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CEO Reveals The Most Crushing Sentence Ever Said To Her In Her Entire 30-Year Career

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female CEO sitting at desk

Even the most successful people are not immune to life’s most soul-crushing moments. Although a person may appear to “have it all” on the outside does not mean that they aren’t dealing with their own personal problems. 

One CEO who has been in the workforce for three decades proved this to be true and revealed what a colleague once said to her that completely shattered her, despite the successes she achieved in her career. 

A colleague told the CEO that the personal issues she was dealing with outside of work were insignificant. 

Denise Conroy is no stranger to going above and beyond in the workforce. In her 30-year career journey, she has worked as a CEO, a Fortune 500 Chief Marketing Officer, a for-profit board director and a public commissioner. 

Anyone on the outside would probably assume that she had it all. What many of us and her colleagues most likely did not realize was that while her career was taking off, her personal life was in shambles. According to Conroy, her husband of 21 years was having an affair.

“I just did not have the emotional wherewithal to deal with that,” she admitted in a TikTok video that has garnered over 69,000 views. “I’ll never forget how heartbroken I was.” 



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Still, even amid her pain, Conroy continued to show up for work every day, keeping it all together. At the time, she was working at HGTV as a Chief Marketing Officer. While the job had its perks, including a hefty salary and benefits, Conroy claimed that her colleagues were a nightmare to work with. From her very first day on the job, she alleged that a small group of employees, led by the SVP of HR, endlessly harassed her. 



The woman who was in charge of running HR, named Julie, made Conroy’s experience at the job especially miserable. 

“She was just awful to me every single day,” Conroy said. “She gossiped about me, said mean things, would call me into her office frequently to harass me.” 

One day as Conroy was navigating through her marriage troubles, Julie called her into her office where she continued to bully Conroy.

“I said to her, ‘You’ve got to give me a little bit of space here. My marriage is falling apart, everything is falling apart, and I’m heartbroken, and I’m trying my best to show up and do my job, and keep progressing this network every single day,’” Conroy recalled.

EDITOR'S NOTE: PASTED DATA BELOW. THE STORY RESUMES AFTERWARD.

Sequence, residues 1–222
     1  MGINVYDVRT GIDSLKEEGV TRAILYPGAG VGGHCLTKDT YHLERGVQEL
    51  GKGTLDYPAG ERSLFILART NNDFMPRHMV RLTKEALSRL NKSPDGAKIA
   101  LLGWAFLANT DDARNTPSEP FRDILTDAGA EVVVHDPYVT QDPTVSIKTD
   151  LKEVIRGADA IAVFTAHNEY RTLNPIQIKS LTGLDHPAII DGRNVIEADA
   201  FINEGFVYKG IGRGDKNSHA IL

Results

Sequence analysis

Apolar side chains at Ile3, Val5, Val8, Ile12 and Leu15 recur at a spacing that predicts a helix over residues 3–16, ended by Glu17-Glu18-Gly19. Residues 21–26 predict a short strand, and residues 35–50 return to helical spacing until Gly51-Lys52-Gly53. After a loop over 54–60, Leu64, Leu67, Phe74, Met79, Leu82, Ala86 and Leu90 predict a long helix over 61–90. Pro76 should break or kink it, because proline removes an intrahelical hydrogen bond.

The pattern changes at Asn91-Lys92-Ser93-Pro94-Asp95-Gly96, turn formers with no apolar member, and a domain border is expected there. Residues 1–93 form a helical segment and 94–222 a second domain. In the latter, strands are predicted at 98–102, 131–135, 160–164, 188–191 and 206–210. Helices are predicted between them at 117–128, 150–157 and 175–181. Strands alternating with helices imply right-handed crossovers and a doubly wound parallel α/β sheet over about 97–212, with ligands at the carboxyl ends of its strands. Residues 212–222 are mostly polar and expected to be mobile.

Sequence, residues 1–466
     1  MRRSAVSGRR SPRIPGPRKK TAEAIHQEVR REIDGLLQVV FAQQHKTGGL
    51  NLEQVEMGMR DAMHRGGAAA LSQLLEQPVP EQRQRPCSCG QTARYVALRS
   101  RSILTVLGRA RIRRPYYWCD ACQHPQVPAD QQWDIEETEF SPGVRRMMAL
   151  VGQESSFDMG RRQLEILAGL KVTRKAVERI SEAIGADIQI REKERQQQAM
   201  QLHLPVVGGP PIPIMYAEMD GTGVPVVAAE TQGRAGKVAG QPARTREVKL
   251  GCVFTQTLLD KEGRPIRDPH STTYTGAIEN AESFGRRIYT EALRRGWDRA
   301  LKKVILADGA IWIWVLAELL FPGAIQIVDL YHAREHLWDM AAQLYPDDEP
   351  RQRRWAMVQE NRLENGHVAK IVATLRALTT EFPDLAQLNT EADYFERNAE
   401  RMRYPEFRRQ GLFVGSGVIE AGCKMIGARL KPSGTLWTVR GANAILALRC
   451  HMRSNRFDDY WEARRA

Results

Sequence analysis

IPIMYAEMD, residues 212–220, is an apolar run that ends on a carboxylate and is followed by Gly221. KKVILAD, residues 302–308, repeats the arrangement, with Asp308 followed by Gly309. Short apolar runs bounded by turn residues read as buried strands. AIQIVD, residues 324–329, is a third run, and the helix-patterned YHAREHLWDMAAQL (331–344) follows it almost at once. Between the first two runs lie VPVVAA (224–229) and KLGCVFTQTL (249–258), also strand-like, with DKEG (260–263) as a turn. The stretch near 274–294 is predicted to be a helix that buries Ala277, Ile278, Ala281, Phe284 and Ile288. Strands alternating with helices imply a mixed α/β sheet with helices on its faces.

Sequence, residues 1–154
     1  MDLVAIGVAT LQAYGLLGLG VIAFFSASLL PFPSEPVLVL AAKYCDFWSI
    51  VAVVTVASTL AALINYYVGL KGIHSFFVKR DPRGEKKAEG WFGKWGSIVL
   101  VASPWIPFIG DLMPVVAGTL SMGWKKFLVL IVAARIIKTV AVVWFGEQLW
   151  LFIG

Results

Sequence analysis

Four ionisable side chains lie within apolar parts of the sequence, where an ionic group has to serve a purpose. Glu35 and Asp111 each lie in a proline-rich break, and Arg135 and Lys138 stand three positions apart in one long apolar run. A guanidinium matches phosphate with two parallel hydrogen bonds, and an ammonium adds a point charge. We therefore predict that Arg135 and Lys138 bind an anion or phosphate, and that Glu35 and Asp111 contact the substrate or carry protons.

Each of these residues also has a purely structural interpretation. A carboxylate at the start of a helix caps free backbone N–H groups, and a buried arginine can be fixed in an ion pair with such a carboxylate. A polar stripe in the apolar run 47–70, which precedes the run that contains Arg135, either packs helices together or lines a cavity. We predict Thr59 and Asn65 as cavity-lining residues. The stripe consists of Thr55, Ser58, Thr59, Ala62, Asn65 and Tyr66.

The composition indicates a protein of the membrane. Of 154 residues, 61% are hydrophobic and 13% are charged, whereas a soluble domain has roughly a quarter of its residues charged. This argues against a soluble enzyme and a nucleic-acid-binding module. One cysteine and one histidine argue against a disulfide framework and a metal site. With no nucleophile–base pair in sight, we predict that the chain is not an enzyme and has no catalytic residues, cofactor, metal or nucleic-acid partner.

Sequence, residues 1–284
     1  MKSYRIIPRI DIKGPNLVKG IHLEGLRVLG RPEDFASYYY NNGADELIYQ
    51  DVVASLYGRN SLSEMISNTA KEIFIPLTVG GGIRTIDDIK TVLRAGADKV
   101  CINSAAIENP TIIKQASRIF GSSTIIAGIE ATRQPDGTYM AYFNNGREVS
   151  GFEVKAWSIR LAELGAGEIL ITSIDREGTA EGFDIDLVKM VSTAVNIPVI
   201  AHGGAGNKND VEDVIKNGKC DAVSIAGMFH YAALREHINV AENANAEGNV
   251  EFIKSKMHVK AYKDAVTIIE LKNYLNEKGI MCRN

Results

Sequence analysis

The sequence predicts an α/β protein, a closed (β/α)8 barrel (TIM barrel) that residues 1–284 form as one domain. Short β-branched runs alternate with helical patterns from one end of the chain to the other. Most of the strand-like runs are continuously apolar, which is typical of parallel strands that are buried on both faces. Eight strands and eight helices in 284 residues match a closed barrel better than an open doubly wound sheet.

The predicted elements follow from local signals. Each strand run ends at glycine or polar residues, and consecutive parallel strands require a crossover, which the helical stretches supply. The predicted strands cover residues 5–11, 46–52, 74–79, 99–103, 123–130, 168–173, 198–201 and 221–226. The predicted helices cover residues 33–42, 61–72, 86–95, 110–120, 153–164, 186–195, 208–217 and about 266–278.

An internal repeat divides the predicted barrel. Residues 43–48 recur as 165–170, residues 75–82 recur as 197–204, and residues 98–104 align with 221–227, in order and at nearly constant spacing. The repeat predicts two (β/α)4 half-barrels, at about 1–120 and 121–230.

What Julie did next is something that Conroy has never forgotten, even a decade later. “She looked at me stone-faced and she said, ‘I have people who show up every single day and they’re going through cancer treatments, so your husband cheating on you doesn’t exactly rise to my level of compassion.” 

CEO reveals most hurtful thing colleague ever saidPhoto: pixelshot / Canva Pro

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Although the incident devastated her, it also served as a reminder to Conroy of just how much empathy is needed in the workforce.

“We need to give people the benefit of the doubt,” she says. “I will never forget her telling me that I did not deserve compassion.” 

10 years later, Conroy revealed how her second husband’s infidelity, had brought back a lot of her emotions surrounding the incident. “It’s not up to you, or me, or anybody to judge people at work. We’re better off and better served when we give each other the benefit of the doubt.” 

Instead of shaming colleagues or attempting to minimize their problems, co-workers should offer compassion. 

When employees show up for their jobs emotionally drained due to personal turmoils, they may not always give their performance their all. While we may not be able to fix people’s struggles or pain, we can make them feel less alone and improve their self-esteem by demonstrating sensitivity and empathy towards them during difficult times. 

In fact, empathy in the workplace can benefit the company as a whole. If employees are given grace from those around them, it can lead to greater confidence, higher levels of loyalty, and improved work performance. People are naturally inclined to work harder for companies that demonstrate compassion and empathy toward them. 



There is also something to be said about Julie telling Conroy that her problems were insignificant just because other people were going through more difficult obstacles such as cancer treatments. We must remember hardships are not a competition and pain is universal. In simpler terms, just because your best friend broke their leg doesn’t mean that your sprained pinkie finger doesn’t hurt. 

All of us, even the most successful people in the workforce, encounter challenges that can be an obstacle to productivity. 

It doesn’t cost us anything to cut them a break. 

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Megan Quinn is a writer at YourTango who covers entertainment and news, self, love, and relationships.